Comment author: drethelin 15 February 2013 11:49:32PM 12 points [-]

Does anyone else believe in deliberate alienation? Forums and organizations like Lesswrong often strive to be and claim to want to be more (and by extension indefinitely) inclusive but I think excluding people can be very useful in terms of social utilons and conversation, if not so good for $$$. There's a lot of value in having a pretty good picture of who you're talking to in a given social group, in terms of making effective use of jargon and references as well as appeals to emotion that actually appeal. I think thought should be carefully given as to who exactly you let in or block out with any given form of inclusiveness or insensitivity.

On a more personal note, I think looking deliberately weird is a great way to make your day to day happenstance interactions more varied and interesting.

Comment author: RomeoStevens 16 February 2013 07:05:37AM 15 points [-]

Yes, insufficient elitism is a failure mode of people who were excluded at some point in their life.

Comment author: Nornagest 16 February 2013 07:24:19AM 13 points [-]

This seems like a good time to link the Five Geek Social Fallacies, one of my favorite subculture sociology articles.

(Insufficient elitism as a failure mode is #1.)

Comment author: WingedViper 16 February 2013 12:06:07AM 2 points [-]

Acting "weird" (well or just weird, depends) is something I have contemplated, too. For now I have to confess that I mostly try to stick to the norms (especially in public) except if I have a good reason to do otherwise. I think I might make this one of my tasks to just do some random "weird" acts of kindness.

About the alienation: I don't think that we should do a lot about that. I think enforcing certain rules and having our own memes and terms for stuff already has some strong effects on that. I certainly felt a bit weird when I first came here. And I already was having thoughts like "don't judge something by it's cover" etc. in my mind (avoiding certain biases).

Comment author: moridinamael 16 February 2013 12:26:31AM *  11 points [-]

So, there are hundreds of diseases, genetic and otherwise, with an incidence of less than 1%. That means that the odds of you having any one of them are pretty low, but the odds of you having at least one of them are pretty good. The consequence of this is that you're less likely to be correctly diagnosed if you have one of these rare conditions, which again, you very well might. If you have a rare disorder whose symptoms include frequent headaches and eczema, doctors are likely to treat the headaches and the eczema separately, because, hey, it's pretty unlikely that you have that one really rare condition!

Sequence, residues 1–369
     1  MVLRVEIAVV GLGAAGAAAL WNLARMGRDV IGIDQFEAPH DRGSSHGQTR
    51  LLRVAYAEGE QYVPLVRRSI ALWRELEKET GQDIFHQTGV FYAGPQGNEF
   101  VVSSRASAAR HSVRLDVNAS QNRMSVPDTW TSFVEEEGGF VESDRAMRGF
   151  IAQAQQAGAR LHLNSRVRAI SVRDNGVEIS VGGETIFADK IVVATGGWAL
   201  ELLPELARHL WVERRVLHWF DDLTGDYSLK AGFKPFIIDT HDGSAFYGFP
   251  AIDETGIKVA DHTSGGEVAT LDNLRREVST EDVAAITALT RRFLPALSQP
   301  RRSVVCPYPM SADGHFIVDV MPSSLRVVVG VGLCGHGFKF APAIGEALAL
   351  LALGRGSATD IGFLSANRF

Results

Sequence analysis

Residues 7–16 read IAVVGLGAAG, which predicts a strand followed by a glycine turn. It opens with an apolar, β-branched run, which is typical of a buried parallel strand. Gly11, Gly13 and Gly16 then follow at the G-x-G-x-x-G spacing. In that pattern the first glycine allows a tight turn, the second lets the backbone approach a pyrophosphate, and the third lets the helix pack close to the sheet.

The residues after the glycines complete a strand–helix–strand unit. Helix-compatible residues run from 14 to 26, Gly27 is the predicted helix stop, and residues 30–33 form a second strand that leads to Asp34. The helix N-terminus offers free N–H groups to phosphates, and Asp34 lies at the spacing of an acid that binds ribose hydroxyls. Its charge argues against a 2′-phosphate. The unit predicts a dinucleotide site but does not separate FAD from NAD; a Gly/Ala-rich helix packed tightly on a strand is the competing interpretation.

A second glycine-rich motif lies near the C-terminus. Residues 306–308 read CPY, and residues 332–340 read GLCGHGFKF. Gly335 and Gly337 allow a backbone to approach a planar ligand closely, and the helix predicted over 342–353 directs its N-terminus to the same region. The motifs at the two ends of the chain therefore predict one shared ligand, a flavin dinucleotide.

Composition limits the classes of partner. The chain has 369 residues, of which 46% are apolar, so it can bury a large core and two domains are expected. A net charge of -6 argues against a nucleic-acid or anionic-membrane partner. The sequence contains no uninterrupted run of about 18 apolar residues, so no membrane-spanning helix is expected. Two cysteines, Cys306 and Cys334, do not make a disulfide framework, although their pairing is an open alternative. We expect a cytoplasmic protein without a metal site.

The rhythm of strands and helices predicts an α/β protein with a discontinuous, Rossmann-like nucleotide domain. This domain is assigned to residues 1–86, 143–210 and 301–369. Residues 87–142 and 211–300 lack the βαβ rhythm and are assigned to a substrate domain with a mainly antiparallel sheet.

For example, I was diagnosed by several doctors with "allergies to everything" when I actually have a relatively rare condition, histamine intolerance; my brother was diagnosed by different doctors as having Celiac disease, severe anxiety, or ulcers, when he actually just had lactose intolerance, which is pretty common, and I still cannot understand how they systematically got that one wrong. In both cases, these repeated misdiagnoses led to years of unnecessary, significant suffering. In my brother's case, at one point they actually prescribed him drugs with significant negative side effects which did nothing to alter his lactose intolerance.

I don't intend to come off as bitter, although I suppose I am. My intent is rather to discuss strategies for avoiding this type of systematic misdiagnosis of rare conditions. This line of thought seems like a strong argument in favor of the eventual role of Watson-like AIs as medical diagnostic assistants. A quick Googling indicates that the medical establishment is at least aware of the need to confront the under-diagnosis of rare diseases, but I'm not seeing a lot of concrete policies. For the present time, I don't know what strategy a non-medically-trained individual should pursue, especially if the "experts" are all telling you that your watery eyes mean you have have hay fever when you really have some treatable congenital eye disease.

Comment author: RomeoStevens 16 February 2013 07:04:31AM *  14 points [-]

but the odds of you having at least one of them are pretty good.

The odds of you having any particular disease is not independent of your odds of having other diseases.

Comment author: ChristianKl 17 February 2013 06:09:40PM 3 points [-]

Self experimentation. If the doctor prescribes something for you, test numerically whether it helps you to improve.

If you suffer from allergies it makes sense to systemmatically check through self experimentation whether your condition improves by removing varies substances from your diet.

It doesn't hurt to use a symptom checker like http://symptoms.webmd.com/#./introView to get a list of more possible diagnoses.

Comment author: [deleted] 16 February 2013 07:13:07AM 0 points [-]

As somebody who's had to deal with doctors because of a plethora of diseases, I must say you're absolutely right. (I also shadowed a few and am considering applying to med school.)

I don't remember what this concept is called, but basically it posits that "one should look for horses, not zebras" and is part of medical education. That is, a doctor should assume that the symptoms a patient has are caused by a common disease rather than by a rare one. So most doctors, thanks to their confirmation bias, dismiss any symptoms that don't fit the common disease diagnosis. (A girl from my town went to her physician because she complained of headaches. The good doctor said that she's got nothing to worry about and recommended more rest and relaxation. It turned out that the girl had a brain tumor which was discovered when she was autopsied. The good doctor is still practicing. Would this gross example of irrationality be tolerated in other professions? I think not.)